Camille is good-natured, frivolous, and fun-loving. She also doesn’t want to dwell in sad things, and has to turn them into happy, thrill-seeking adventures. When Gabriel doesn’t call her for a while, though suspicious of what he’s up to, she decides to distract herself by dancing, flirting, and having a one night stand—but she finds out she’s not emotionally ready to move on yet, and winds up crying in a chapel where she wanted to bring Gabriel on a date. She loves to drag others along on fun days to the spa, shopping, to push them at men, and to avoid thinking about her problems. She reframes things into opportunities opened rather than chances missed. Though she loves to gallivant, she is fiercely loyal to her parents and willing to put aside her personal feelings to abide by their wishes, within reason.

Paid Request: Shrek: Fiona [ESFJ 2w1]

Function Order: Fe-Si-Ne-Ti

Fiona tends to put others’ needs before her own, and make decisions based on how they feel – for the good and the not-so-great; when she first comes out of the tower, she’s been waiting around for a Prince to rescue her, because that’s what is expected of a princess in her culture (in a different timeline, she takes matters into her own hands, and ‘rescues myself’). Then she’s upset because Shrek has abided by none of the cultural norms – he isn’t polite, he hasn’t come to kiss her, he is an ogre, and he throws her over his shoulder in a super undignified way! When she takes him home to meet her parents, she’s distressed that he and her father immediately clash and start fighting at the dinner table – and then she lets him have it for being so rude and uncouth. But when she finds out he has gone to so much trouble, to give her the happily ever after that she wants, and is willing to give up everything – his life in the swamp and his ogre self – for her, to make her happy, Fiona refuses, because she wouldn’t want him to be anything other than he is; she wants to live with “the ogre I married.” She is very practical, down to earth, and rational, but also tends to be traditional in her thinking. When she first meets Shrek, she is going on and on about what she has been taught to expect from knights and chivalry, and is angry that the real world doesn’t match up with what it’s “supposed” to be (romantic!!). She wanted a brave knight on a noble steed to come and rescue her, like every other princess! But as she goes with Shrek through the woods, she decides not to judge people before she knows more about them, and opens her heart to him – coming to see him a different way. Even though she’s willing to marry someone else to break the spell (after Shrek rejects her due to a misunderstanding), Fiona still sees the good in Shrek and wants their lives to be together; she is willing to embrace a new and different existence as an ogre, and not look back (though she is a bit sentimental about her family and her kingdom).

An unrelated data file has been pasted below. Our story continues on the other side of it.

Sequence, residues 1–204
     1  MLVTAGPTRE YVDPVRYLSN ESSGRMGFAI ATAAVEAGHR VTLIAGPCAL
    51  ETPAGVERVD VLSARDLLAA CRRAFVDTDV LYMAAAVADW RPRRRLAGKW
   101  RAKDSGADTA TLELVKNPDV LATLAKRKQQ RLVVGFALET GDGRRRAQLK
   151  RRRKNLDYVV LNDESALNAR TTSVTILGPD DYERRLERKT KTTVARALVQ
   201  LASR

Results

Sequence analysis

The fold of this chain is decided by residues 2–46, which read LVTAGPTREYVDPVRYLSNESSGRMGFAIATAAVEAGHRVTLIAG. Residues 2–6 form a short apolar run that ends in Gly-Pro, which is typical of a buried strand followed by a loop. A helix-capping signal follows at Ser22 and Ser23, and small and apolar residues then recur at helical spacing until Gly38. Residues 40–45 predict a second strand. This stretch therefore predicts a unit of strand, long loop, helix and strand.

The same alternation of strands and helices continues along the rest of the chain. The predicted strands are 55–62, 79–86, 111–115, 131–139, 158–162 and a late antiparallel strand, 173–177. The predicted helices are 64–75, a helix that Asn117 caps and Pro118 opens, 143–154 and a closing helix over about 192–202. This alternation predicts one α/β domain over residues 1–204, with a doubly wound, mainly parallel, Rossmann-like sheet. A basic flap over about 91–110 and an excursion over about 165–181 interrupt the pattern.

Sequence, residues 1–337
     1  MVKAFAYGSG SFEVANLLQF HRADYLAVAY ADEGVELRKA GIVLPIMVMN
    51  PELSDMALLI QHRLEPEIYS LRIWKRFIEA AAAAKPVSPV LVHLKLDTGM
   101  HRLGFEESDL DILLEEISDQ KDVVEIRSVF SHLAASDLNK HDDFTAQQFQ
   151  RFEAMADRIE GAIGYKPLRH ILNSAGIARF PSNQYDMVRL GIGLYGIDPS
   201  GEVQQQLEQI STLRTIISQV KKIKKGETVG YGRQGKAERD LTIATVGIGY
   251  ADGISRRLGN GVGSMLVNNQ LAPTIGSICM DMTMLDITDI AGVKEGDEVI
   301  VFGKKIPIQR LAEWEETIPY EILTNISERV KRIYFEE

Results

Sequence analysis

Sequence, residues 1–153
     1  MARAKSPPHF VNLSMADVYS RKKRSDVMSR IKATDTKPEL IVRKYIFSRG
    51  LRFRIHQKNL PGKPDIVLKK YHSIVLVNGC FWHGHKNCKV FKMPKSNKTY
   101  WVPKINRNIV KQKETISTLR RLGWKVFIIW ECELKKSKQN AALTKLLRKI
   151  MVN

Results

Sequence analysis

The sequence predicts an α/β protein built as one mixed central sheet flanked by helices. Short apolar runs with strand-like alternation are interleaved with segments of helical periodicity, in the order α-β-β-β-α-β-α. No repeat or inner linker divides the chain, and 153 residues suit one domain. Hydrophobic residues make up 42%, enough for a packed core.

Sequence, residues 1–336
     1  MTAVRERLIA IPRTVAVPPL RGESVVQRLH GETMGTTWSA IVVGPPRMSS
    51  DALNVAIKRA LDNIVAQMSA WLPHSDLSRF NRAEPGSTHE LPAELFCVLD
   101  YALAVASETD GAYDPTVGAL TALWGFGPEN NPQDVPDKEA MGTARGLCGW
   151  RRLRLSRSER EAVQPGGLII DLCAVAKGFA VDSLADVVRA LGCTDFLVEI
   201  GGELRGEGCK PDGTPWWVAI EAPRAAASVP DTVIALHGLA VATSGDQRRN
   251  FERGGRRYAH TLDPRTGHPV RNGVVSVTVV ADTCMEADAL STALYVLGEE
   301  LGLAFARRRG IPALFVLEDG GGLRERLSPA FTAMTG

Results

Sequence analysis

Enneagram: 2w1 so/sp

When Shrek first meets Fiona, she is all excited to meet the handsome knight who has come to save her, and bestow upon her “true love’s first kiss.” She soon falls in love with Shrek, despite his green appearance, and against her own better judgment – love is, after all, extremely important to her, but so is maintaining a certain “image.” She doesn’t want anyone to see her ogre self, so she keeps it hidden from them out of fear of rejection, is devastated when Lord Farquad calls her a monster / creature / thing, and feels deeply insecure when visiting her parents that they might reject her, or that she has disappointed them. Fiona takes love and romance very seriously, but also has a temper; she wants things to be a certain way, the RIGHT way, and doesn’t like things that do not measure up, including her own appearance. She issues orders and expects others to follow them, and to do things properly. But when she gets really mad, she uses her line to 8 to really put her foot down – she has a habit of punching people/creatures in the face, yelling at them, and putting them in their place, sometimes giving Shrek as good as he gives.